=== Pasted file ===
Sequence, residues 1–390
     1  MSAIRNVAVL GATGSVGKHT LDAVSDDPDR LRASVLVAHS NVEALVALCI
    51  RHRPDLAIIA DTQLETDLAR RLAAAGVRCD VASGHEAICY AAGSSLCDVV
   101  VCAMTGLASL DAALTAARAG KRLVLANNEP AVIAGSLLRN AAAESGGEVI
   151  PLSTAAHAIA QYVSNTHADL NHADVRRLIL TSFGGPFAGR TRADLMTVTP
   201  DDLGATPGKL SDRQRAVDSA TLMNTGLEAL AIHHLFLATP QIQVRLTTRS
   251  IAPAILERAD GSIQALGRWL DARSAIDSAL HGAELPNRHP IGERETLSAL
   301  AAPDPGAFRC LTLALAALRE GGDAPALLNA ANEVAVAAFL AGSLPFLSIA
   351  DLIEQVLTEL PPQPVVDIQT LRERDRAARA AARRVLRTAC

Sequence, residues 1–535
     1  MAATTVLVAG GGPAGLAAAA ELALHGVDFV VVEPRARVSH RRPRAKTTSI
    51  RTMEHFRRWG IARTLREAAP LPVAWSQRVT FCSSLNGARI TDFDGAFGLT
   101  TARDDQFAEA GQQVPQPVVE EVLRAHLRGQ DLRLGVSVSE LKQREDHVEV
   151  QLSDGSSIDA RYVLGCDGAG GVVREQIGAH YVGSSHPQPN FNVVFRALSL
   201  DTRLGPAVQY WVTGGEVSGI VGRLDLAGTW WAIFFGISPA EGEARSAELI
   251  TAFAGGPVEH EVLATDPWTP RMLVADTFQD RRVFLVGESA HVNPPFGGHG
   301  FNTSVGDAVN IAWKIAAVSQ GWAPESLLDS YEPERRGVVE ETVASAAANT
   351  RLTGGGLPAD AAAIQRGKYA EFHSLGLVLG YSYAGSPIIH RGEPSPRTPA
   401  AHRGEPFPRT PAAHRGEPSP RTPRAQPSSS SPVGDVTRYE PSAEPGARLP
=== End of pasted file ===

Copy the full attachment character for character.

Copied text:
Sequence, residues 1–390
     1  MSAIRNVAVL GATGSVGKHT LDAVSDDPDR LRASVLVAHS NVEALVALCI
    51  RHRPDLAIIA DTQLETDLAR RLAAAGVRCD VASGHEAICY AAGSSLCDVV
   101  VCAMTGLASL DAALTAARAG KRLVLANNEP AVIAGSLLRN AAAESGGEVI
   151  PLSTAAHAIA QYVSNTHADL NHADVRRLIL TSFGGPFAGR TRADLMTVTP
   201  DDLGATPGKL SDRQRAVDSA TLMNTGLEAL AIHHLFLATP QIQVRLTTRS
   251  IAPAILERAD GSIQALGRWL DARSAIDSAL HGAELPNRHP IGERETLSAL
   301  AAPDPGAFRC LTLALAALRE GGDAPALLNA ANEVAVAAFL AGSLPFLSIA
   351  DLIEQVLTEL PPQPVVDIQT LRERDRAARA AARRVLRTAC

Sequence, residues 1–535
     1  MAATTVLVAG GGPAGLAAAA ELALHGVDFV VVEPRARVSH RRPRAKTTSI
    51  RTMEHFRRWG IARTLREAAP LPVAWSQRVT FCSSLNGARI TDFDGAFGLT
   101  TARDDQFAEA GQQVPQPVVE EVLRAHLRGQ DLRLGVSVSE LKQREDHVEV
   151  QLSDGSSIDA RYVLGCDGAG GVVREQIGAH YVGSSHPQPN FNVVFRALSL
   201  DTRLGPAVQY WVTGGEVSGI VGRLDLAGTW WAIFFGISPA EGEARSAELI
   251  TAFAGGPVEH EVLATDPWTP RMLVADTFQD RRVFLVGESA HVNPPFGGHG
   301  FNTSVGDAVN IAWKIAAVSQ GWAPESLLDS YEPERRGVVE ETVASAAANT
   351  RLTGGGLPAD AAAIQRGKYA EFHSLGLVLG YSYAGSPIIH RGEPSPRTPA
   401  AHRGEPFPRT PAAHRGEPSP RTPRAQPSSS SPVGDVTRYE PSAEPGARLP